It was Teddy who told me. About Amir and Malik. That they’d “batted for the devil,” a phrasing I quite loved. Teddy had grown to be quite the man with words when he liked. He read books that he recommended to me. Mostly they were not the kind of books I ever read, but I found this unlikely turn in our aging friendship rather charming. Teddy had spoken with Amir and Malik shortly before me. Amir, he said, knew our friendship, mine and his, would suffer, and Malik’s message to me was to kiss his corporate conservative ass. Teddy didn’t laugh or see a joke in this, and I appreciated him for that.
Zeeshan had sat this one out, as he put it, and we had a tense exchange. That was as bad as batting for the devil, I shrieked and howled in the text message version of all caps and exclamation marks.
I didn’t contact Amir. I couldn’t. Not with the raging outburst I had brewing in my head.
So, when I finally heard from him couple of weeks ago, I had had some time to think, but nothing had changed. The betrayal was too big. Friendship not enough. We stood on either and opposing sides of this wretched invisible wall.
Myra talked me into seeing him. She’d heard enough about him and Teddy and Malik and Zeeshan that they’d become celebrities. She teased me, saying she wanted their autographs. She’d seen pictures and found them handsome. Amir lean and serious, Malik muscled like a swimmer, Teddy, large and unabashed, Zeeshan coolly brooding, and there at the end her man, pudgy, confused, to strangers a silly outlier among brutish, confident boys.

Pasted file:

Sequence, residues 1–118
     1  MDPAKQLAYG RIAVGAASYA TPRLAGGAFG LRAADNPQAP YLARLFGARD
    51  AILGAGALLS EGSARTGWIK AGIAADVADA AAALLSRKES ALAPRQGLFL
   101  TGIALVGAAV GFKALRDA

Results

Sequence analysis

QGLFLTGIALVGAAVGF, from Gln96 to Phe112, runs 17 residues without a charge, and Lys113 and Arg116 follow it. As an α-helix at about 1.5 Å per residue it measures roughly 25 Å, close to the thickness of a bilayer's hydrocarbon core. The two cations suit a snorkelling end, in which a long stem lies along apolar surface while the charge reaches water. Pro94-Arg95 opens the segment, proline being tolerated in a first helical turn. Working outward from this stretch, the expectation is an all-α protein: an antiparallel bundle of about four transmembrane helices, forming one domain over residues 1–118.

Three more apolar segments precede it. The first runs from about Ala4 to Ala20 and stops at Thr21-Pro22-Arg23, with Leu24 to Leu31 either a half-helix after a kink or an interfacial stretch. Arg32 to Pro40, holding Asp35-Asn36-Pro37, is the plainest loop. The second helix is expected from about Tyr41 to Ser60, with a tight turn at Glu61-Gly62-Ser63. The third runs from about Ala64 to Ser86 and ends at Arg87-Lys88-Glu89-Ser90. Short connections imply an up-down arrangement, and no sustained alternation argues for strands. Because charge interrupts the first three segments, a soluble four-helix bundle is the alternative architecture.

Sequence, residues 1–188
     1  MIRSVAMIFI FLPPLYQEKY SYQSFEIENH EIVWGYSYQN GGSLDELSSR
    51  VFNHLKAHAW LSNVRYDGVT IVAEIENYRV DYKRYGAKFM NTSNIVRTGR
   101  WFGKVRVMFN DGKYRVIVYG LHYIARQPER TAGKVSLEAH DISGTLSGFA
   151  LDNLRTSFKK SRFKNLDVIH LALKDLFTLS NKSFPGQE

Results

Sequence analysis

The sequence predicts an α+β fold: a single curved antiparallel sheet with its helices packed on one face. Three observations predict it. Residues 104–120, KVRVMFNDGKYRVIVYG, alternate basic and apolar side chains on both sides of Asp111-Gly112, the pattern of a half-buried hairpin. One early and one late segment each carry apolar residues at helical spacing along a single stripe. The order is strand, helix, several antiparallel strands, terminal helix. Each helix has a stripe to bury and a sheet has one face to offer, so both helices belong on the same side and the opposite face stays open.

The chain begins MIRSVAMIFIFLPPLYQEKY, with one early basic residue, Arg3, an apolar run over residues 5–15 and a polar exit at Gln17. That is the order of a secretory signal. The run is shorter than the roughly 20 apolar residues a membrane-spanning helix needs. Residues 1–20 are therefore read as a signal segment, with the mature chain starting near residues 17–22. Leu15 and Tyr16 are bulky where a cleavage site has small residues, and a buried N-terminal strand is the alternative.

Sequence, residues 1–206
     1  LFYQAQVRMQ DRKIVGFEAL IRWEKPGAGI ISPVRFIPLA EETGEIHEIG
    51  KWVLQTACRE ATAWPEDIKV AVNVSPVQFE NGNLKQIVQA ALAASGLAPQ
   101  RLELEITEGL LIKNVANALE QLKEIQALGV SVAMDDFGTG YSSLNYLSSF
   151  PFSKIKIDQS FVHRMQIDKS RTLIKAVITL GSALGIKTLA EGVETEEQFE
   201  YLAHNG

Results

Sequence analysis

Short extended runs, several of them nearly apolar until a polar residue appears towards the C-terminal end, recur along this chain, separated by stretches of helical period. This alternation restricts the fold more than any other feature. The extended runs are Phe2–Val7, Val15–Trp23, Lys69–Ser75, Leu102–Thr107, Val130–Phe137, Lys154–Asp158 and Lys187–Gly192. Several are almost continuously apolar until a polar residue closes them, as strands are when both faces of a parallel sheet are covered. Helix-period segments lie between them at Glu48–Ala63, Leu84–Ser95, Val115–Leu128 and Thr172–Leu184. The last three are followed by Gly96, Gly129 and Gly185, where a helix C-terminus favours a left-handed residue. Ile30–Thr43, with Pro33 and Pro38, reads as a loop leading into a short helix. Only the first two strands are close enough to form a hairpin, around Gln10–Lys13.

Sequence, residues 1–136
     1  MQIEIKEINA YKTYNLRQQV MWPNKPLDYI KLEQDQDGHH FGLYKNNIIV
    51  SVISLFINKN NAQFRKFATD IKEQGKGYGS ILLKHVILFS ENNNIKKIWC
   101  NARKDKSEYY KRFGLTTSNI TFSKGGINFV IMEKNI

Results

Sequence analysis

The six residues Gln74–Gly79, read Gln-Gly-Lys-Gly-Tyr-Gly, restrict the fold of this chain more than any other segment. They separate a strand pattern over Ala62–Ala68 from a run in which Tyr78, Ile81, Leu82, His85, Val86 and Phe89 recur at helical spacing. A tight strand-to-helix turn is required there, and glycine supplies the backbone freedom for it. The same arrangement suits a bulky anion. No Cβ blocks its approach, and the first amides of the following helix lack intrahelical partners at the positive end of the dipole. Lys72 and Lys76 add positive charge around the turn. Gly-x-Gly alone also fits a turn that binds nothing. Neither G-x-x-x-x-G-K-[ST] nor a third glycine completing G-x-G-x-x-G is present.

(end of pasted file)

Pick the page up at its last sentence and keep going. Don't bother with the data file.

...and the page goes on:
Amir’s email had me in a bind. It took me all of one day and half of the next to compose a reply: “Let me know your plans when you’re here.”
“Cold enough, you think,” Myra said.
“It’s either this or the end of our friendship,” I said.
Myra rubbed my back and kissed the top of my head.
Two of her four brothers and her father had batted for the devil. The family was split down the line. I’d been refusing to go for visits, asking her to understand. She did. She knew her father was a racist. He’d “My best friends are Black” every chance he got, and he got them a lot because he constructed them, wrenched it out of the moment when he saw his position teetering, before admitting who he was, or, god forbid, keeping quiet. On our first meeting, knowing I was Bangladeshi, he told me about the time he’d gone to Egypt. He had nothing against Islam. He just disagreed with everything about it. Especially jihad. Which he then asked for me to explain.
Myra was more tolerant than me. She could put family and friends above lesser trifles. Though that was how I’d phrased it, not she. Her civic conscience was strong. If there was ever a case of one vote tipping an election, it would be Myra’s.
Amir and Noreen were waiting for us out front of the restaurant. I’d seen Noreen only once before in person, and over the years in pictures Amir posted on social media. Amir had filled in around the waist. A brooding, slack fatigue weighted down his jowls. We shook hands and hugged. The women introduced themselves. We went inside.